Jon Lebkowsky (jonl) Fri 30 Jun 00 13:46
I wasn't serious; your rant was great! I'm not through the book yet, but I think your observations align pretty well with Paulina's thinking (and I'm sure she'll be here any minute to say whether that's so). My own question is whether we can really nail a precise definition of 'libertarian' given the many odd flavors we see, techno or not...?
Owen Thomas (dither) Fri 30 Jun 00 15:39
Granted, libertarians come in many varieties, but I think technolibertarians (squishy beasts that they are) are nicely pinned up for inspection in the pages of Cyberselfish. Paulina, when did you first meet the technolibertarian beast?
Paulina Borsook (loris) Fri 30 Jun 00 15:40
michael, spirit brother! jonl, as i explained in the 1st chapter of what i call 'tdb' (that damned book), i use the word 'libertarian' in a cultural/religious sense, not in a strictly political sense. it's about values/mindset/monstly unconscious set of commonly held beliefs. 'libertarian' came as close as any other word i could find to describe this belief system --- but as in any other, there are all different flavors/stripes/variants/degrees of belief... i also gotta say, that the ah strong response eric raymond had to what he thought i have to say --- and the postings i am seeing on amazon and on the cyberselfish website --- would seem to indicate that this belief system is alive and weel throughout much of high-tech, in spite of what brad wiener seemed to want to suggest... i have almost come to feel that the flames i am getting are like plants in the audience ---- thanx for proving my point! [g]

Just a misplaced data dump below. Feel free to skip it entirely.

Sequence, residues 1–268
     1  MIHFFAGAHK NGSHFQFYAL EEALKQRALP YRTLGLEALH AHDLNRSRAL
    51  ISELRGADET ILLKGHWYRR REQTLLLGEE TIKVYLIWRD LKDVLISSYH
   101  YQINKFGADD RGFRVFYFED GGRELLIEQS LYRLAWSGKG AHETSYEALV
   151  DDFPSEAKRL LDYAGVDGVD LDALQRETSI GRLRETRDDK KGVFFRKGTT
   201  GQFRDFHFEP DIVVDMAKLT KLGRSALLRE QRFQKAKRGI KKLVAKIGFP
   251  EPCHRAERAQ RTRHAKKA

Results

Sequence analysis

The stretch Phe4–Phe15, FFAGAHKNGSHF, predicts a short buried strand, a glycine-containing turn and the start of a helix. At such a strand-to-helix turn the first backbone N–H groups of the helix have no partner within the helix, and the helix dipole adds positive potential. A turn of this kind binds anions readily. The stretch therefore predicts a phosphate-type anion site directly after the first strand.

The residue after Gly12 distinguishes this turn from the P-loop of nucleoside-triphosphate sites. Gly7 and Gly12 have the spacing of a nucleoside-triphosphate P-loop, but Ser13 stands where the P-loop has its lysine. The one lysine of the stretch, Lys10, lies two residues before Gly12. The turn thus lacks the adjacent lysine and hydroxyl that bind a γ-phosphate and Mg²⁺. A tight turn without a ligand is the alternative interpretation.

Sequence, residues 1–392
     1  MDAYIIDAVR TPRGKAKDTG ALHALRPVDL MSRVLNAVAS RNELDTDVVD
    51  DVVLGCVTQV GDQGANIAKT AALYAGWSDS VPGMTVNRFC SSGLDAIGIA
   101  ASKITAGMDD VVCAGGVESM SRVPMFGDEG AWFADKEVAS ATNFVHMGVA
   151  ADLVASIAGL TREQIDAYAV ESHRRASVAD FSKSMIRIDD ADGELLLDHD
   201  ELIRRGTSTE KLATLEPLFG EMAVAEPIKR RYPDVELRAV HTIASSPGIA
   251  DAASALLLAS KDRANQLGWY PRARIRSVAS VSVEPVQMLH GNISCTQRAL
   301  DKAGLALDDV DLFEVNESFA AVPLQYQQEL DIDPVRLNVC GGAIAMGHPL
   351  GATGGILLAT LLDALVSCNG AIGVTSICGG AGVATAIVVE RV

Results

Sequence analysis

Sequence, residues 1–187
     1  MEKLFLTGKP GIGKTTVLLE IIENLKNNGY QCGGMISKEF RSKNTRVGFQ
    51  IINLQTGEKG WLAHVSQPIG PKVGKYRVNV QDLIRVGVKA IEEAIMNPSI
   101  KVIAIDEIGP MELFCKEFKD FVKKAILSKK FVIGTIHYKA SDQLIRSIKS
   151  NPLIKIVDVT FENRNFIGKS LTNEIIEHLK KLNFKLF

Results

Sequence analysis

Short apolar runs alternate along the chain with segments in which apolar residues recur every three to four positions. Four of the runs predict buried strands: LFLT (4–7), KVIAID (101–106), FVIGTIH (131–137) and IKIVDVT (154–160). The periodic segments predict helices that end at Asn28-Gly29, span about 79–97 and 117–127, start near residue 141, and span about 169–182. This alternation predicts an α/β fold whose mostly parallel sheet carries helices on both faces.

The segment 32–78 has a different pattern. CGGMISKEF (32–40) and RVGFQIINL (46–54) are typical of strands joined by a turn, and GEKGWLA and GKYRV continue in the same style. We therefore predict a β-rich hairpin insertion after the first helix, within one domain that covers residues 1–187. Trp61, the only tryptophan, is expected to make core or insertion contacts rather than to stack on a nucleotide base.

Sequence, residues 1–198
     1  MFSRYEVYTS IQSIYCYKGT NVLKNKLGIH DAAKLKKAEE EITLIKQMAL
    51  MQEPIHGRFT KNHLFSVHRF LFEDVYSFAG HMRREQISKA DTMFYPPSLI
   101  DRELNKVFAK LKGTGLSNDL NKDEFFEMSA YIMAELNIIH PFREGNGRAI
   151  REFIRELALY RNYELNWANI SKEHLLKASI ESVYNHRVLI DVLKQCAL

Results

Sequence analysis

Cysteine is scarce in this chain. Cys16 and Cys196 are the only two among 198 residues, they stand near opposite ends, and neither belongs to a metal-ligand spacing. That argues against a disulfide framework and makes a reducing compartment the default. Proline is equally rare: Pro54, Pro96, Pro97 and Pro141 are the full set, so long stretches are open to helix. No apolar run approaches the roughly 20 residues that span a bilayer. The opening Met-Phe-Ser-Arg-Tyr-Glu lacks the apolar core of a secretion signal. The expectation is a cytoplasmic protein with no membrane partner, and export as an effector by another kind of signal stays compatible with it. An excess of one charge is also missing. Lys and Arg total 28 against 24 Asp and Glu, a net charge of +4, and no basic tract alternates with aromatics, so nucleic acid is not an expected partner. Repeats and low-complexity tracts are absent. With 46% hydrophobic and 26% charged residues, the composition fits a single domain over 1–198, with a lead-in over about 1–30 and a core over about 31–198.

Paulina Borsook (loris) Fri 30 Jun 00 15:44
oops, sorry yap on without answering you, owen... i would say i 1st ran into technolibertarians (tho i wouldnt have used the term, or been able to describe exactly what i was seeing) back in the 80s when i was knocking around high-tech. sightings in siliscon valley, in the old arpanet/interent culture, the high-tech companies of those days. it was sort of a puzzling background phenomenon that i would notice from time to time, but as i had no framework for understanding it, it took me a while to form something of a coherent picture...
Undo Influence (mnemonic) Fri 30 Jun 00 15:52
Paulina, one of the things I was struck with in the book was the latter chapter dealing with the lack of charitable contributions among the newly cyber-rich. Do you have anything to say about Bill Gates's move in recent years in the direction of being a philanthropist?